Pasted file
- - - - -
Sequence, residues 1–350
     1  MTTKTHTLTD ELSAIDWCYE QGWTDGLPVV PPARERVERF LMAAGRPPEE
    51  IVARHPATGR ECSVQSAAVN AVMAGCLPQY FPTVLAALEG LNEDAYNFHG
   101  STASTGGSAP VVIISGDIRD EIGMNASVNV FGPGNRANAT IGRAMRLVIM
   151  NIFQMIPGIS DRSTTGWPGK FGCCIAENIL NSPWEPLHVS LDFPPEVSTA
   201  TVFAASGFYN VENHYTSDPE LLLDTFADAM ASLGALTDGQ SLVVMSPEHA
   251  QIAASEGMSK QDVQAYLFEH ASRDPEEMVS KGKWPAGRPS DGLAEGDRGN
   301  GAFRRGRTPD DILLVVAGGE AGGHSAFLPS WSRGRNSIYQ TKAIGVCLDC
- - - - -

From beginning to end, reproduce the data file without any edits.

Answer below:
Sequence, residues 1–350
     1  MTTKTHTLTD ELSAIDWCYE QGWTDGLPVV PPARERVERF LMAAGRPPEE
    51  IVARHPATGR ECSVQSAAVN AVMAGCLPQY FPTVLAALEG LNEDAYNFHG
   101  STASTGGSAP VVIISGDIRD EIGMNASVNV FGPGNRANAT IGRAMRLVIM
   151  NIFQMIPGIS DRSTTGWPGK FGCCIAENIL NSPWEPLHVS LDFPPEVSTA
   201  TVFAASGFYN VENHYTSDPE LLLDTFADAM ASLGALTDGQ SLVVMSPEHA
   251  QIAASEGMSK QDVQAYLFEH ASRDPEEMVS KGKWPAGRPS DGLAEGDRGN
   301  GAFRRGRTPD DILLVVAGGE AGGHSAFLPS WSRGRNSIYQ TKAIGVCLDC